- Design Team:Charles Deese, Shawn Pauly, Sarah Holnbeck, Kaare Sola
- Cushing Terrell’s Scope:Cushing Terrell’s scope
- Clients:G5 Brewing
- Civil/Geotechnical:R.H. Batterman & Co.
- Country:United States
Text description provided by the architects. For the Gundersons, the G5 Brewing Company is a legacy project that celebrates family and the places they call home. Melding aspects of Montana and the Midwest, the design balances local vernacular, contemporary details, and western materials to create a timeless brewery and restaurant to gather for good company and a pint or two. The building’s primary areas represent the five members of the family and are organized around a central beer garden with views into the brewing operations — the heart of the project.
Tumbled red brick on the exterior and within the space alludes to Beloit’s industrial past, while rustic wood siding and corten steel accents reflect places the Gundersons enjoyed in Montana. The two material influences tie together banquet, bar, and dining areas with the help of a common material pallet of concrete, hot-rolled steel, and barn wood.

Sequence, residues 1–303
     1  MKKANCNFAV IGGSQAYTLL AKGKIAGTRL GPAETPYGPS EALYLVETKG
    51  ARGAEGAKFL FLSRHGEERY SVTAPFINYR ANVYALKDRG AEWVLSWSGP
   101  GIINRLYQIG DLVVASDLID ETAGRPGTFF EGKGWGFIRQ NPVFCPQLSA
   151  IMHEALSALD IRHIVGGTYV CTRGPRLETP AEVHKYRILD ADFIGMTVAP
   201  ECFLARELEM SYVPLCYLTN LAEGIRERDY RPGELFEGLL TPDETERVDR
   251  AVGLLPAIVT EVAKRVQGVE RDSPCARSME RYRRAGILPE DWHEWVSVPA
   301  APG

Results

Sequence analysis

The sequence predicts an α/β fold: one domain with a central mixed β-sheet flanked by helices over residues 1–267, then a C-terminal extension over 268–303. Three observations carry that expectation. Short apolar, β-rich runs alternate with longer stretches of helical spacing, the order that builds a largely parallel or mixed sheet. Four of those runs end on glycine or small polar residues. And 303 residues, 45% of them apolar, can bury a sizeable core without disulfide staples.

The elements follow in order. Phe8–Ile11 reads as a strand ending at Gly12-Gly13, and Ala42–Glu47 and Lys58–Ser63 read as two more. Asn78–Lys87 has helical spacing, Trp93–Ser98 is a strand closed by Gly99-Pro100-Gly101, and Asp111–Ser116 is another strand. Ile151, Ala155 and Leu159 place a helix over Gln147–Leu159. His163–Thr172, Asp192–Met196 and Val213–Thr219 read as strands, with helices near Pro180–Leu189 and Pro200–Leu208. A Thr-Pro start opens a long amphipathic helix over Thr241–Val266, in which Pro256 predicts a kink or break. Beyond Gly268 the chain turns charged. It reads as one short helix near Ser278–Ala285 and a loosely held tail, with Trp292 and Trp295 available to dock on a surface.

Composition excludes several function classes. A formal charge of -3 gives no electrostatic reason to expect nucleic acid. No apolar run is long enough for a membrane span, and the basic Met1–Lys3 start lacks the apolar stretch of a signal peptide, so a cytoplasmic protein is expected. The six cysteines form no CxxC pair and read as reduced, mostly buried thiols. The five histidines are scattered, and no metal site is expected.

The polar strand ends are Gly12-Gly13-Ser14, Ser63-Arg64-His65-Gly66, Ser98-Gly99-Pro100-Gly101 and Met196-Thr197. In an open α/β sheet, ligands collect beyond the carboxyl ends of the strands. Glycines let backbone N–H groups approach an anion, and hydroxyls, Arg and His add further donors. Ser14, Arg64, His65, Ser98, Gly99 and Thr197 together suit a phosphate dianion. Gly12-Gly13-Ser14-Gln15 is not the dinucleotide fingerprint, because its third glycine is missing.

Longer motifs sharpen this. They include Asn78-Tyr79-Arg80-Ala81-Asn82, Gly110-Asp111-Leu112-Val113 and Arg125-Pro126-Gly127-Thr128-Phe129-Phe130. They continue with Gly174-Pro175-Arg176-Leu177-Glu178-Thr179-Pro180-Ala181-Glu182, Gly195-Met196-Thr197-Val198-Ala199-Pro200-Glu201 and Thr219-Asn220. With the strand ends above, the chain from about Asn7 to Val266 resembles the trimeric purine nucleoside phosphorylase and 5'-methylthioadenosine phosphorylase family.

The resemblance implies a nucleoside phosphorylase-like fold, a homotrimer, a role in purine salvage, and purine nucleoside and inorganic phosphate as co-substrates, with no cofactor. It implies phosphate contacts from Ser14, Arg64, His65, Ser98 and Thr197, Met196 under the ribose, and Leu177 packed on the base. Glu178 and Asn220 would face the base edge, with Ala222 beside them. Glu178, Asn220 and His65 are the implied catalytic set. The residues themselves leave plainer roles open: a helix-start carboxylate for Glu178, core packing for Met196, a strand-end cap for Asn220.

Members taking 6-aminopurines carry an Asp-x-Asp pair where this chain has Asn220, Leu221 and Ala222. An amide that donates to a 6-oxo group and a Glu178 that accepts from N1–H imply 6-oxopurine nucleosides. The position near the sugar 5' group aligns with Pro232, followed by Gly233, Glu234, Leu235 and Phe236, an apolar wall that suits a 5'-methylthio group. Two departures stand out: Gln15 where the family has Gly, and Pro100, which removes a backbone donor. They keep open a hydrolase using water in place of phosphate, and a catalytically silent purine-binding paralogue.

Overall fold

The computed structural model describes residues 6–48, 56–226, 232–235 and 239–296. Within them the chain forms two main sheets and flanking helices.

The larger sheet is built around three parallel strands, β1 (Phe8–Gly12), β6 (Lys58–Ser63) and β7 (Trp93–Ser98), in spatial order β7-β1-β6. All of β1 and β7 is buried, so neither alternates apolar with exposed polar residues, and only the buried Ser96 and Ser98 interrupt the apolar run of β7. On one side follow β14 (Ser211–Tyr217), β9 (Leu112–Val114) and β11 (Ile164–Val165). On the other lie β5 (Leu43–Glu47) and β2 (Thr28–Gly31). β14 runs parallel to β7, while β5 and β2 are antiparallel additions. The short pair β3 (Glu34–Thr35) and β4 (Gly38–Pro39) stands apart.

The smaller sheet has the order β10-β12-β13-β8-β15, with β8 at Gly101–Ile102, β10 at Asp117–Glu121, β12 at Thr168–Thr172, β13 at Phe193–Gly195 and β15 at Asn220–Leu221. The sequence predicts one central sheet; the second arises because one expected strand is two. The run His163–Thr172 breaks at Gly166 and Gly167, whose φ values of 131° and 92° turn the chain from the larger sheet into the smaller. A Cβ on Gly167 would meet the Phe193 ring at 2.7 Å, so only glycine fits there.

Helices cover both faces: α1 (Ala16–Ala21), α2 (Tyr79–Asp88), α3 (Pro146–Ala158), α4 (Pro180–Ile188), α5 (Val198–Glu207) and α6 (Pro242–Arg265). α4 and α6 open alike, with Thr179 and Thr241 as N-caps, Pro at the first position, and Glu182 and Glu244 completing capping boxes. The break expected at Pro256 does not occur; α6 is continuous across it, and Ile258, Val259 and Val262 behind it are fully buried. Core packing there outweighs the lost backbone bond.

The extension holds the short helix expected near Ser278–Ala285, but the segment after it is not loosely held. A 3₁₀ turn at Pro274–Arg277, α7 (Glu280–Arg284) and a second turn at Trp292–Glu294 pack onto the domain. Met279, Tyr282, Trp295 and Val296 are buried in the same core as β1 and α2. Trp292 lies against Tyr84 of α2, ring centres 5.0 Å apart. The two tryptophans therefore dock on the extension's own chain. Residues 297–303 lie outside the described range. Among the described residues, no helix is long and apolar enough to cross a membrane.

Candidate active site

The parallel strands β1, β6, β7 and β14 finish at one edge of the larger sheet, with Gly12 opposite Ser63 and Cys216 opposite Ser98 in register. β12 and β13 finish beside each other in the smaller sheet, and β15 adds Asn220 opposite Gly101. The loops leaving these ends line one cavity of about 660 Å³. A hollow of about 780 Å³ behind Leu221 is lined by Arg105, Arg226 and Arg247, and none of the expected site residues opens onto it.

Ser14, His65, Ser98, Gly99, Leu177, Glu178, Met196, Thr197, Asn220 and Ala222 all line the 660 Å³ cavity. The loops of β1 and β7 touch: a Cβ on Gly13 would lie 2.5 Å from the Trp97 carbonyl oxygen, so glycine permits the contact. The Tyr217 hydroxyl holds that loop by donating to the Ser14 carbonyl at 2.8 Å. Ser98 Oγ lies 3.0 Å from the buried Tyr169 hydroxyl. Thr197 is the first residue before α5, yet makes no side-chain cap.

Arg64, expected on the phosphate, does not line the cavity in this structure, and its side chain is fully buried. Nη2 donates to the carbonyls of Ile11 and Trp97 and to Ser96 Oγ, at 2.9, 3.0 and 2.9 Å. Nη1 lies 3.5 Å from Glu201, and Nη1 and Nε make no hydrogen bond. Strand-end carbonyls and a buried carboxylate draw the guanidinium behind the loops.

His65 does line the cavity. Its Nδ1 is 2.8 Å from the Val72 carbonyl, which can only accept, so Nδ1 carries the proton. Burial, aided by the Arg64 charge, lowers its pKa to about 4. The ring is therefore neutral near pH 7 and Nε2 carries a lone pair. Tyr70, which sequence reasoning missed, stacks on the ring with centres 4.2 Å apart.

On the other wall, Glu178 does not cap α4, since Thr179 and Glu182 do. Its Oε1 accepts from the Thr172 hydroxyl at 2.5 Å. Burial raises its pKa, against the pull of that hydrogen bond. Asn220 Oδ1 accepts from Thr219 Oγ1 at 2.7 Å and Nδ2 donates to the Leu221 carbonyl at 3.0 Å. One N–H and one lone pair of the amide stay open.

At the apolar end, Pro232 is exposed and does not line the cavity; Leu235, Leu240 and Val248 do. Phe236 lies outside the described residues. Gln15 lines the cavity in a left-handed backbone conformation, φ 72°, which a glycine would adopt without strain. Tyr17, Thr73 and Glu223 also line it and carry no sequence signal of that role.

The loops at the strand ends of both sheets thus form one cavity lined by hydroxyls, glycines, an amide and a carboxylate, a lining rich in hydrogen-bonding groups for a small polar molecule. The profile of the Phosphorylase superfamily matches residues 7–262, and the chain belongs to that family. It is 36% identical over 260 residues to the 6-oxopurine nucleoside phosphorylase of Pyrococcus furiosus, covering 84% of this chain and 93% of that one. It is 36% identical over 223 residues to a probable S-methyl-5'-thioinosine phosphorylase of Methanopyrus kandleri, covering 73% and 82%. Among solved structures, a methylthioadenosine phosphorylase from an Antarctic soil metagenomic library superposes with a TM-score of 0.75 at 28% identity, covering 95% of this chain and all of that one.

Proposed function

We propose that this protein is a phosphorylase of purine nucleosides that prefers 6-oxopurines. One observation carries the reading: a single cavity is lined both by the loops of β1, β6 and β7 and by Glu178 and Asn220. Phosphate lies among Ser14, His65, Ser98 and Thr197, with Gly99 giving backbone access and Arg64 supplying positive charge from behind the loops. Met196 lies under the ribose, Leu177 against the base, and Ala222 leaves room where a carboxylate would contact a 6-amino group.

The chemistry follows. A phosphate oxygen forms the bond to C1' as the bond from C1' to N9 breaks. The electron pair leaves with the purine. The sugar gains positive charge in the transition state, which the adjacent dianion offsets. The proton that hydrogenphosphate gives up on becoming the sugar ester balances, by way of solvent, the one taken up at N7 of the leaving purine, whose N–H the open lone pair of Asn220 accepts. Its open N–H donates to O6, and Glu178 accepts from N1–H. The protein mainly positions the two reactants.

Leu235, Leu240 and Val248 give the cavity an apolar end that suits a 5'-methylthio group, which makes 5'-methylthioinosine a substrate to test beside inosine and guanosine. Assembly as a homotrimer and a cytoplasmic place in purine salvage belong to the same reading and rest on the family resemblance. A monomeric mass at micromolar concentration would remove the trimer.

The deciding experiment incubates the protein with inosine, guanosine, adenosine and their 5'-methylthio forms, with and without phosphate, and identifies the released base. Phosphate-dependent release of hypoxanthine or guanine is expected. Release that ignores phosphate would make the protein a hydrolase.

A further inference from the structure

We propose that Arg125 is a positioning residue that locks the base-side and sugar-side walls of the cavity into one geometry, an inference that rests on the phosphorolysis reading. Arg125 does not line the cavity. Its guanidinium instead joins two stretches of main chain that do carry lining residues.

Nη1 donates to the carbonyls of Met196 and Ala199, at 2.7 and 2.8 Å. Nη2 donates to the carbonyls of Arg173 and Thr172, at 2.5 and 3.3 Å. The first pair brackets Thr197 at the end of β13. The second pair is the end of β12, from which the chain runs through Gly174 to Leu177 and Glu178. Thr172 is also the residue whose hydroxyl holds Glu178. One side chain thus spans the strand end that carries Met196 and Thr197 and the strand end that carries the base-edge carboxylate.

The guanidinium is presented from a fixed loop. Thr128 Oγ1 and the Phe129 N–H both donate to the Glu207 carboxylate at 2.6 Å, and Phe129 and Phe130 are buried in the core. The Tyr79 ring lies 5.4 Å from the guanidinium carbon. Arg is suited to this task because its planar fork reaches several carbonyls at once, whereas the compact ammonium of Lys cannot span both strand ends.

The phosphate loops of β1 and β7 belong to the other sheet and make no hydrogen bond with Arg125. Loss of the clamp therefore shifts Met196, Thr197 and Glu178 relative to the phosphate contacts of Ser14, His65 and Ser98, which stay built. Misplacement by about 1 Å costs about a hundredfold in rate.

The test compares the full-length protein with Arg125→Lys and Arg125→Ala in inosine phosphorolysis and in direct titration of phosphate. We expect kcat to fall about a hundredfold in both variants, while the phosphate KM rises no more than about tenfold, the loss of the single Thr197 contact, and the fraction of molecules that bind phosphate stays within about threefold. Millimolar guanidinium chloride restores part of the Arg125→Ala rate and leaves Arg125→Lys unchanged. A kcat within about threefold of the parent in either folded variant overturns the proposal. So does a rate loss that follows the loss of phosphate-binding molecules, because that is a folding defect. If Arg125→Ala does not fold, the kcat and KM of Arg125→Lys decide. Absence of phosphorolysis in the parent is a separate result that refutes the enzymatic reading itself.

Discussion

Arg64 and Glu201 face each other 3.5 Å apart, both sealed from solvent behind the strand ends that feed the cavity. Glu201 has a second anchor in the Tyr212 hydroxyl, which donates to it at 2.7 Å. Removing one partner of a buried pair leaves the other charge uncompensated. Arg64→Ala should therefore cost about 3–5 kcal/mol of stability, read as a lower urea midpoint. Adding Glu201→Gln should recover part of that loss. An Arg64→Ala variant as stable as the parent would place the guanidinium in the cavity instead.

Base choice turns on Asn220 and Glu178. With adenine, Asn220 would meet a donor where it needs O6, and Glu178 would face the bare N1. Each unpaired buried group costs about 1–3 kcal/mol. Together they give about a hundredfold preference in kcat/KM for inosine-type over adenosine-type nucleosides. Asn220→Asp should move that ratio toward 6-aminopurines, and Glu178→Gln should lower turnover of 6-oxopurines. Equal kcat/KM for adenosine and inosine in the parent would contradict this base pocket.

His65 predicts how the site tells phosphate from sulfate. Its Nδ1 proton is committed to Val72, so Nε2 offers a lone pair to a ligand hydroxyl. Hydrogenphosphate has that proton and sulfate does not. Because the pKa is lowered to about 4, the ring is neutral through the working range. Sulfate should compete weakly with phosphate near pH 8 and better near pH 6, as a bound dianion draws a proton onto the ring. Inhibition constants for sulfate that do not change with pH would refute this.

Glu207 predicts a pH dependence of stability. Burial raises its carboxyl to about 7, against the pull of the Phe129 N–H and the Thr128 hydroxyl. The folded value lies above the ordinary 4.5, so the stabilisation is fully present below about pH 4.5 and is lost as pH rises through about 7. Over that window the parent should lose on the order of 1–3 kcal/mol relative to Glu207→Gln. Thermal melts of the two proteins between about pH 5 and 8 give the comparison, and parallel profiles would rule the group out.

For the silo-shaped private banquet room, narrow linear light fixtures are arranged vertically up the walls in the two-story space. The playful installation is reminiscent of light passing through metal panel joints in a grain silo. A similar detail is repeated in the barnwood-like paneling adjacent to the stairway to the brewer’s loft. The brewery walls are high-gloss white panels that brighten up space and bring attention to the brewing tanks and spiral staircase. To soften the industrial elements, cozy lounge furniture was incorporated with decorative pendant lighting above. With an eye to every detail, the dining chairs and barstools were powder coated to match the G5 beer taps.
An example of what can be accomplished with an integrated team and an engaged owner, the process involved a design competition with team members from locations in Montana, as well as Minneapolis, Minnesota, and Austin, Texas. Submissions were judged by the Gunderson family, with the winner being the basis for the final design. For this project, the journey (and a little friendly competition) created an even stronger relationship with the client, while exhibiting talent from a variety of Cushing Terrell offices.